3.1 Experimental Environment Setup
The experiments have been conducted using a PC with Intel[R] Core[TM] i3-2120 running at 3.30 GHz, and 8 GB of RAM. The PC is empowered by NVIDIA GeForce GT 430 GPU with 96 CUDA cores, and 1 GB of memory running on Windows[R] 64-bit. It is worth noticing that the quality of the extracted features is not considered in the present phase of this research.
The experimental work was applied on a standard fingerprint database, namely, the Fingerprint Verification Competition 2002 (FVC2002)  DB2_B subset. The FVC2002 DB2_B subset includes 80 fingerprint images come from 10 different persons. Therefore, the feature extraction using SIFT or SURF has been repeated 80 times. Whereas the matching process has been repeated over 80 x 80 images to produce a matching matrix with 6400 elements for evaluating the CPU based matching, and 80 elements for evaluating the GPU based matching with the average time.
3.2 Performance Evaluation of SIFT
According to the previous evaluation of the SIFT feature detector reported in , we set the optimum SIFT threshold to 0.01, and the other OpenCV SIFT parameters are set to the default values. The results of the SIFT evaluation on the CPU and on the GPU are shown in Figure 4. The plotted data are the average value of running the SIFT detector over the full database subset, and the matching time on the CPU is the average of 6400 matching processes.
The experimental results prove the significant reduction of the feature extraction time, and the features matching time when running the SIFT on the GPU. The time reduction comes from the powerful 96 CUDA cores supported by the NVIDIA GPU hardware compared to the two cores with two threads each supported by the CPU. The amount of the speed ups of running the SIFT detector on the GPU are 3.9X and 67.2X for the SIFT feature extraction, and the SIFT features matching, respectively.
The CPU and the GPU utilizations for a particular 14 seconds time period are drawn in Figure 5. From that figure, the CPU utilization starts low (around 25%) during the feature extraction phase, and it goes extremely high (around 98%) during the SIFT feature matching. On the other hand, the GPU load is fixed around 85% during the feature extraction and matching operations. Additionally, the figure gives an indication that is however, the matching time is extremely reduced, the full power of the GPU utilization still below the CPU one.
3.3 Performance Evaluation of SURF
The SURF feature detector has been evaluated on the CPU and the GPU using the same SIFT evaluation criteria, respectively. According to the evaluation results shown in Figure 6, the advantage of running the SURF detector on the GPU compared to the CPU is apparent. However, the number of extracted features on the CPU and the GPU are almost same. The feature extraction time on GPU is significantly reduced from 0.383 to 0.140 second. Moreover, the features matching time is reduced from 0.1 to 0.0075 second with almost the same number of features. The amount of the gained speeds up of using the GPU are 2.7X and 13.3X for the SURF feature extraction, and features matching.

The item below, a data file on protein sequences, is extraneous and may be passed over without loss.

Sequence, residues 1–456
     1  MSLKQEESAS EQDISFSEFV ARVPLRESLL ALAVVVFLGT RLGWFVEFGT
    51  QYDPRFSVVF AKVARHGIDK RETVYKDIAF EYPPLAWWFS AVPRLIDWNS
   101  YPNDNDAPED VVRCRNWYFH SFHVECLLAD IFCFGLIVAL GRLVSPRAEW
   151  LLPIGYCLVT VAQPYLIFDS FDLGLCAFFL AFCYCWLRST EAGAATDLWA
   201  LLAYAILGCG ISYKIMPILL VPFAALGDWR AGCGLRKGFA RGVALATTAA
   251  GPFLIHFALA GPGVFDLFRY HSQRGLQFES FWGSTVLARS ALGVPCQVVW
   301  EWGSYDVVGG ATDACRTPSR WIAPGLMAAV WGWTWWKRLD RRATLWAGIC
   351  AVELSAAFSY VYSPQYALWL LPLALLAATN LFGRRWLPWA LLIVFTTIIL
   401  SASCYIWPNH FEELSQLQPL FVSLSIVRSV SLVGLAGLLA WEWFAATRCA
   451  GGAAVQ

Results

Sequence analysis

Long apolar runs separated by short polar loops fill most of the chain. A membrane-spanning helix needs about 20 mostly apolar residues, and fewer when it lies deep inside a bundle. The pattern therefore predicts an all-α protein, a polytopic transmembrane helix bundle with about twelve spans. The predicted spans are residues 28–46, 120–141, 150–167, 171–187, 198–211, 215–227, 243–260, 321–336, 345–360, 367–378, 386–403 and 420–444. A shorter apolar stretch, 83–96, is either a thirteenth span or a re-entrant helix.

[FIGURE 5 OMITTED]
Once again, the CPU and the GPU utilizations have been measured and reported in Figure 7. The SURF feature detector behaves very well on the GPU, and it consumes around 70 to 80% of the GPU power. On the other side, the SURF feature detector consumes around 98% from the total CPU power.
The experimental work confirms the efficiency, and the superiority of the SURF feature detector compared to the SIFT feature detector. The evaluation factors are the feature extraction time, and the features matching time. From Figure 4 and Figure 6, the SURF feature detector runs twice faster than the SIFT one on the CPU due to the SURF enhancements such as using the integral images, Hessian matrix, and Haar Wavelet for keypoint detection and descriptor construction.
However, the SURF feature detector is optimized for a faster running on the CPU and the GPU; Figure 6 represents a higher matching time on the GPU (0.0075 second) compared to the SIFT (0.004 second). We do believe that the difference comes from the data transfer between the CPU and the GPU. The OpenCV implementation provides data upload and download between the CPU and the GPU for each matching process. This confirms the fact that the data transfer between the CPU and the GPU still a great challenge, and it should be avoided as much as possible for efficient GPU based implementations .
[FIGURE 7 OMITTED]
4 Conclusions and Future Work
This paper has presented a study for reducing the fingerprint identification time using two dominant local feature detectors, particularly SIFT and SURF implemented on CPU and GPU. The aim of the paper is to find the best implementation of a feature detector in terms of the number of features, the feature extraction time, and the features matching time. The experimental results proved the superiority of the SURF feature detector compared to the SIFT one. Moreover, the efficiency of using the GPU for both SURF and SIFT has been confirmed. However, SURF consumes longer matching time on the GPU, this time can be significantly reduced by avoiding the data transfer between the CPU and the GPU. Optimizing the SURF feature detector to work completely on the GPU, and avoiding the data transfer between the CPU and the GPU is considered as an appreciated future work. In addition, deploying the fingerprint related algorithms to work on the GPU is a common future direction.